FIG. 2 shows a block diagram of system including a fan control method and apparatus in accordance with the invention applicable for fan provided with built-in tachometer. In contrast to block diagram shown in FIG. 1, in this case each of fans in ventilated zones 132, 134, and 138 is equipped with a built-in tachometer (e.g., tachometer 204 is adjusted to fan 102, ventilating zone 132). Controller 108 receives additional, as compared with the case of FIG. 1, signals from the tachometers thereby reading the actual rotation rate of each of the fan motors. Data storage 112 in this case contains, for each of the zones, a table with a series of temperature values for corresponding zone and corresponding optimal rotation rates of the fan in the zone. In operation, controller compares current temperature reading for each of the zones with discrete temperature values in the table, and modifies the voltage supplied to the fan motor in such a way as to make the fan rotation rate reading provided by the fan tachometer to be equal to the rotation rate value, which corresponds to the nearest temperature value superior to the actual measured temperature in the zone.
FIG. 3 shows a circuit diagram of fan controller and adjacent software applicable for use without a tachometer.
Controller 108 contains micro code 305, which ensures interaction of elements of the apparatus. Input/output interface with system bus 312 provides signal exchange between the controller and software component 332 (e.g., via 12C interface). After the system is started up, initializing module 309 generates signal that actuate hardware detection block 301, which enables system to adapt itself for current PC configuration with the allowance made for actually installed or removed fans and thermo-sensors. Signal from module 309 also initializes the fans acceleration with short-run energizing the fan motors by 100% nominal voltage (the acceleration regime is necessary for the fans to be set to motion, because initially supplied low voltage may fail to start the motors).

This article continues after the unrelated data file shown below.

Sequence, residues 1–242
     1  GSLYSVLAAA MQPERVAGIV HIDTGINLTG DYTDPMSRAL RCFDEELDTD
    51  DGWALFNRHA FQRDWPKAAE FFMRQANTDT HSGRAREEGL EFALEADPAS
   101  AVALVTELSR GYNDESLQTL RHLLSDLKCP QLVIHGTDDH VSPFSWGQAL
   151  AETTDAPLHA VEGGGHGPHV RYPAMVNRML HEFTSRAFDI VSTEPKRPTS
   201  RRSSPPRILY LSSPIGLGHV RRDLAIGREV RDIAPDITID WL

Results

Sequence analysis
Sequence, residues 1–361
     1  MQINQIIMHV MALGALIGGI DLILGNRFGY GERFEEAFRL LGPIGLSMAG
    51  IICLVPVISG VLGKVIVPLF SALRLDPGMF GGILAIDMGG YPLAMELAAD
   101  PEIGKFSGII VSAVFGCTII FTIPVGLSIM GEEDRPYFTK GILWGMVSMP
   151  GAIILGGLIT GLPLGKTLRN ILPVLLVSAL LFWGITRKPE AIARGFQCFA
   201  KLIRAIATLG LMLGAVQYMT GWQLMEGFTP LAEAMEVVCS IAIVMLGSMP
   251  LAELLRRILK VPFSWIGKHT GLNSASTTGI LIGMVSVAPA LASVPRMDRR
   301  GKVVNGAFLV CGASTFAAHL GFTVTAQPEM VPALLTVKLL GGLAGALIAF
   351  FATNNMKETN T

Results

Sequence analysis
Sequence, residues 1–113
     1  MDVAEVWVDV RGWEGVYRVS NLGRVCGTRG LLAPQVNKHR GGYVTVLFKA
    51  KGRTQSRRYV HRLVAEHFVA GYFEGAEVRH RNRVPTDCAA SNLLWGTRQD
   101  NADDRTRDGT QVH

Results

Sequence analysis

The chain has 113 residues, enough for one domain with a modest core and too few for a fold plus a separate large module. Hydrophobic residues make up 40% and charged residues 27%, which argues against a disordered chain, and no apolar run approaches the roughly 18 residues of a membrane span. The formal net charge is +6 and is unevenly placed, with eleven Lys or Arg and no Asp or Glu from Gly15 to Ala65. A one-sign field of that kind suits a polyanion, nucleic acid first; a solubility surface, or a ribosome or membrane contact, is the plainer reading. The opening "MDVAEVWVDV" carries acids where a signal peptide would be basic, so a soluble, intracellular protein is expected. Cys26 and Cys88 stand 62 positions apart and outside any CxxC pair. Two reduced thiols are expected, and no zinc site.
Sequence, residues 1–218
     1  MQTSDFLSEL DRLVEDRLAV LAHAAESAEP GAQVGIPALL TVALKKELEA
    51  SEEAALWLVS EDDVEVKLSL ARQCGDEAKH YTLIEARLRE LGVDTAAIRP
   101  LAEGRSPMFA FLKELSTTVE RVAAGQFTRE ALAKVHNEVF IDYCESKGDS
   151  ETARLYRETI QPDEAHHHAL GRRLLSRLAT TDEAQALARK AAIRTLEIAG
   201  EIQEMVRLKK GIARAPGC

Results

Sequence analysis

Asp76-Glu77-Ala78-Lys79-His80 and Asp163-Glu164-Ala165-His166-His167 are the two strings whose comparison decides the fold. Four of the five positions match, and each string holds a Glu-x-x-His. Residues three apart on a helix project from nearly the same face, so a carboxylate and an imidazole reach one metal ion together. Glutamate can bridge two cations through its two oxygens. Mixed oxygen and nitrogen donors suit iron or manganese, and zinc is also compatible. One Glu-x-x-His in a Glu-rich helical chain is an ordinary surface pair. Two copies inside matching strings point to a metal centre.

Readings from the thermo-sensors installed in ventilated zones of the PC come to signal processing block 303 (analog-to-digit converter). The results are compared in block 310 with temperature values from table stored in data storage 112, the data being read with the help of reading module 307.
The control over fan rotation rates is performed by fan speed control module 316. Signals from the module are transferred to controller 108 via interface 312. In accordance with the signals, block 302 (digit-to-analog converter) generates corresponding DC voltages supplied to the fans. When voltage supplied to a fan is altered to be brought into agreement with tabulated voltage value for current temperature in the corresponding zone, timer 315 sets a time delay (a pause) which is necessary for the fan rotation rate to stabilize at a new level.
The system is provided with user's interface 317, which displays current values of temperatures in ventilated zones of the PC and rotation rates of corresponding fans. The interface may be also used to alternate the content of data storage 112 (that is, the tables of temperature values and corresponding fan supply voltages for each of the ventilated zones); the data are written to the file with the help of data writing module 311.